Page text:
"may prepay his obligations under this contract in full at any time prior to maturity of the final instalment hereunder, and, if he does so, shall receive a rebate of the unearned portion of the Finance Charge computed under the sum of the digits method. . . ."

The face of the contract also stated that temporary default on a particular installment would result in a predetermined delinquency charge. Not mentioned on the disclosure page was a clause in the body of the contract giving the creditor a right to accelerate payment of the entire debt upon the buyer's default.1

Respondents subsequently commenced four separate suits against FMCC in the United States District Court for the District of Oregon, alleging, inter alia, that FMCC had violated TILA and Regulation Z by failing to disclose on the front page of the contract that the creditor retained the right to accelerate payment of the debt.2 In two of the suits,3 the District Court held that facial disclosure of the acceleration clauses was mandated by the provision of TILA that compels publication of "default, delinquency, or similar charges payable in the event of late payments," 15 U.S.C. §§ 1638(a)(9), 1639(a)(7). App. 30-31, 37, 69-71. Respondents in the other two actions prevailed on different grounds.4 All four cases were consolidated on appeal to the Ninth Circuit.

The Court of Appeals agreed with the District Court that TILA imposes a general acceleration-clause disclosure requirement.5 Rather than resting on the District Court's holding that acceleration is a default charge, however, the Court of Appeals based its decision on the narrower principle that under Regulation Z "[t]he creditor must disclose whether a rebate of unearned interest will be made upon acceleration and also disclose the method by which the amount of unearned interest will be computed if the debt is accelerated." 588 F.2d 753, 757 (1978), quoting St. Germain v. Bank of Hawaii, 573 F.2d 572, 577 (CA9 1977). See 12 CFR § 226.8(b)(7) (1979). Implicit in the conclusion of the Court of Appeals—and explicit in its preceding St. Germain decision—was the rejection of a contrary administrative interpretation of the pertinent statutory and regulatory provisions. In adopting its particular approach, the Court of Appeals mapped a path through the disclosure thicket that diverges from the routes traveled by the Courts of Appeals for several other Circuits.6 We granted certiorari, 442 U.S. 940, 99 S.Ct. 2880, 61 L.Ed.2d 309 (1979), to resolve the conflict. We reverse.

II

The Truth in Lending Act has the broad purpose of promoting "the informed use of credit" by assuring "meaningful disclosure of credit terms" to consumers. 15 U.S.C. § 1601. Because of their complexity and variety, however, credit transactions defy exhaustive regulation by a single statute. Congress therefore delegated expansive authority to the Federal Reserve Board to elaborate and expand the legal framework governing commerce in credit. 15 U.S.C. § 1604; Mourning v. Family Publications Service, Inc., 411 U.S. 356, 93 S.Ct. 1652, 36 L.Ed.2d 318 (1973). The Board executed its responsibility by promulgating Regulation Z, 12 CFR Part 226 (1979), which at least partly fills the statutory gaps. Even Regulation Z, however, cannot speak explicitly to every credit disclosure issue. At the threshold, therefore, interpretation of TILA and Regulation Z demands an examination of their express language; absent a clear expression, it becomes necessary to consider the implicit character of the statutory scheme. For the reasons following, we conclude that the issue of acceleration disclosure is not governed by clear expression in the statute or regulation, and that it is appropriate to defer to the Federal Reserve Board and staff in determining what resolution of that issue is implied by the truth-in-lending enactments.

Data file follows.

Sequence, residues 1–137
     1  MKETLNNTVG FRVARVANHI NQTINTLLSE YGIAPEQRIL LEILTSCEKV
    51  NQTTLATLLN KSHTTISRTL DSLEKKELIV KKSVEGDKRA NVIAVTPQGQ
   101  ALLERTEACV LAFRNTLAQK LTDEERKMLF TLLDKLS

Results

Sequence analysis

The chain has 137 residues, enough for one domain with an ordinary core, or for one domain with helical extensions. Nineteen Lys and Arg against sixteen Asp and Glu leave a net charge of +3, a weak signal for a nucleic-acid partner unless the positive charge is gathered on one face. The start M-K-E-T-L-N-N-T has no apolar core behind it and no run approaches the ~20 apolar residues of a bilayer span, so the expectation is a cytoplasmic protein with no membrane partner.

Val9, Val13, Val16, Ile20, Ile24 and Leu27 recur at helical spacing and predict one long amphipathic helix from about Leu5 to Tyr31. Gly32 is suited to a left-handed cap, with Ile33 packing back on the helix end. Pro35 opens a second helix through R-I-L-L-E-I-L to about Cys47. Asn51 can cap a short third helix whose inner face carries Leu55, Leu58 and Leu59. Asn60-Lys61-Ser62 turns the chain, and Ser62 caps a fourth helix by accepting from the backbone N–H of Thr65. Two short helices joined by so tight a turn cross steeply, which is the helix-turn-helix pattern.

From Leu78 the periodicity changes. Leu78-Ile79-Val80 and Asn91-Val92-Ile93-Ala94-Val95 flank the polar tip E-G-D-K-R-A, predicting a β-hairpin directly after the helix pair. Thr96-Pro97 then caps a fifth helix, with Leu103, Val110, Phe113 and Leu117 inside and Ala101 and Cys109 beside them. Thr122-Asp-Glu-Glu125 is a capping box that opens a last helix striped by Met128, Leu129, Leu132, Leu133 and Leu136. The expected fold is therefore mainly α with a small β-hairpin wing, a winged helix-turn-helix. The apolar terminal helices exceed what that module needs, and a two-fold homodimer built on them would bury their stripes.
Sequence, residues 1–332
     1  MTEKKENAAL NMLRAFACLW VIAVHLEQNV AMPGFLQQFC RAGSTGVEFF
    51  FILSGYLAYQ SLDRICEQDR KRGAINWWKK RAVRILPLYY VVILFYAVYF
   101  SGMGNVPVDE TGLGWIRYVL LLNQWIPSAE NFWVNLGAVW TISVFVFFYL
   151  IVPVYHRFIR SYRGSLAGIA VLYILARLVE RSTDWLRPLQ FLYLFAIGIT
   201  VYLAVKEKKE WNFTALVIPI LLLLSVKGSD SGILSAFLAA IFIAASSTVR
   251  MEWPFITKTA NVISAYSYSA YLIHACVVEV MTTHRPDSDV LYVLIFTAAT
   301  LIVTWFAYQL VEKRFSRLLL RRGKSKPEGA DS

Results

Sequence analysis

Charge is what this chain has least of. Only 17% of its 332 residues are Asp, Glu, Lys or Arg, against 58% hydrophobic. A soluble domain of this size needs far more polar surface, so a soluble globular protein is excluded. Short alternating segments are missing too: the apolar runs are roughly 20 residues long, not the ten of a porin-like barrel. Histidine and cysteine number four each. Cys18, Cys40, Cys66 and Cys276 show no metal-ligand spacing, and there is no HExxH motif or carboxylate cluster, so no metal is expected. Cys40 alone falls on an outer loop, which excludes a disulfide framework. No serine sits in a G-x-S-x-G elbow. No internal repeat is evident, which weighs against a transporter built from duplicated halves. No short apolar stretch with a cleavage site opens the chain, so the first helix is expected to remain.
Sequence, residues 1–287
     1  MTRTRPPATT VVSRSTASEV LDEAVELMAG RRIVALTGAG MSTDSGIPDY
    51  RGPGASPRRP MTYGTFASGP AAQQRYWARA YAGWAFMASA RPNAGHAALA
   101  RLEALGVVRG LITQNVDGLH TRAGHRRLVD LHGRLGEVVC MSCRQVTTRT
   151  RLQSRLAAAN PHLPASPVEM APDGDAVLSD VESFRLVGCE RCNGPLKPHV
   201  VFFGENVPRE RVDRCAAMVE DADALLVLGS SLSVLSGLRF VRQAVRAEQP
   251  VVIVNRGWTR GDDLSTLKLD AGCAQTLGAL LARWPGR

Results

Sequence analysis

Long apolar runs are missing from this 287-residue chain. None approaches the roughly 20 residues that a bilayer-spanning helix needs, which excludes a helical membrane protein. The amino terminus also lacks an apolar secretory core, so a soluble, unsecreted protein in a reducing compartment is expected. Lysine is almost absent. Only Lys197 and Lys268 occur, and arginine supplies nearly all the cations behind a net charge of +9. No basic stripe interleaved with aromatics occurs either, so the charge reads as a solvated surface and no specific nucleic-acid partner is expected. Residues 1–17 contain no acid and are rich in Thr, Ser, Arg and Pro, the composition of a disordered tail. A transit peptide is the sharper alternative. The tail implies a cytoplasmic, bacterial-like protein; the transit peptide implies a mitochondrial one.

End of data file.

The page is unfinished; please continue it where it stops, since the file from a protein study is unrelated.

Respondents have advanced two theories to buttress their claim that the Act and Regulation expressly mandate disclosure of acceleration clauses. In the District Court, they contended that acceleration clauses were comprehended by the general statutory prescription that a creditor shall disclose "default, delinquency, or similar charges payable in the event of late payments," 15 U.S.C. §§ 1638(a)(9), 1639(a)(7), and were included within the provision of Regulation Z requiring disclosure of the "amount, or method of computing the amount, of any default, delinquency, or similar charges payable in the event of late payments," 12 CFR § 226.8(b)(4) (1979). Before this Court, respondents follow the Court of Appeals in arguing that 12 CFR § 226.8(b)(7) may be the source of an obligation to disclose procedures governing the rebate of unearned finance charges that accrue under acceleration. That section commands

"[i]dentification of the method of computing any unearned portion of the...